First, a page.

The Daily Grind Video

If Eminem’s 2009 album Relapse was any indication, Marshall Mathers was still working to exorcise his demons. Long plagued by depression and an addiction to painkillers, Em avoided pushing past his problems, instead hiding behind foolish accents, soaking his lyrics in a bath of pop culture and making references to his drug addictions to painkillers while still working through them.

On his seventh album, Recovery, Em finally sees himself for the way he was and rises above his issues like a phoenix from the ashes. Throughout this darkly shaded album, the Detroit emcee consistently acknowledges that Relapse was far from his best work, using a spread of beats from Just Blaze, Boi1da and DJ Khalil as a background for his lyrical 12-step program. Em nimbly darts his way through tales of remorse, acceptance and forgiveness as if each track is its own therapy session, doting on his afflictions with drugs, suicidal thoughts and depression brought on by the death of his best friend Proof.

Consider it an album where Eminem uses lyricism as his own personal 12-step program. Here, we take a look at the lyrics of Recovery and break them down according to the 12-step program of Narcotics Anonymous, a process that Em may or may not have known he followed.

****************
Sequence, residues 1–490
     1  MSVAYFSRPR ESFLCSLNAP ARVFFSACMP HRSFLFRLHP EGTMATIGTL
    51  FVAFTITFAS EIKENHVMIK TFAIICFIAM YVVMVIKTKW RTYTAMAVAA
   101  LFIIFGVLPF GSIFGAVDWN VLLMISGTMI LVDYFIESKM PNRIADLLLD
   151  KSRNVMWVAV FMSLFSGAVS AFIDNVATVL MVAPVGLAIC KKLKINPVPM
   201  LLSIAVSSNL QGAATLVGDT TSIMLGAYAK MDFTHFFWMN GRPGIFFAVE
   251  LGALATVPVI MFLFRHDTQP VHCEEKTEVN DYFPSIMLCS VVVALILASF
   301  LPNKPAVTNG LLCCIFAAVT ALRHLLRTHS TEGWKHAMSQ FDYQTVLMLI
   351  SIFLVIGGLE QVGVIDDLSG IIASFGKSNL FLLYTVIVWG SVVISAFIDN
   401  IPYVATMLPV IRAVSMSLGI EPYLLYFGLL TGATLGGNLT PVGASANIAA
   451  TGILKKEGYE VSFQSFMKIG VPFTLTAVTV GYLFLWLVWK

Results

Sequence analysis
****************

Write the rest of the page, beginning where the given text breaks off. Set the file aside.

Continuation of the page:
1. We admitted we were powerless over our addiction, that our lives had become unmanageable.

Some of Recovery’s most hard-hitting moments are when Em is at his most vulnerable, addressing just how deep a hole he had dug for himself. The album is packed with “rock bottom” moments, most notably on “Going Through Changes,” where he describes waking up in a hospital after an overdose.

2. We came to believe that a Power greater than ourselves could restore us to sanity.

For Em, that higher power takes a literal sense on the track “Cinderella Man,” where he knowingly raps, “Shit I ain’t even supposed to be here by the grace of God / By the skin of my teeth and the hair on my nuts I skated by.” But he also sees inspiration in his daughters on much of the album, rapping, “Hailie this one is for you, Whitney and Alaina, too,” on “Going Through Changes.”


3. We made a decision to turn our will and our lives over to the care of God as we understood Him.

Though he doesn’t turn directly to God, he admits to making his decision to turn his life around. “It was my decision to get clean, I did it for me / Admittedly, I probably did it subliminally for you,” he confesses on “Not Afraid.”




4. We made a searching and fearless moral inventory of ourselves.

“Going Through Changes” fits the script, bravely facing his issues. “When inside, I’m dying, I am finally realizing I need help,” he raps. “I can’t do it by myself, too weak, two weeks I’ve been having ups and downs.”


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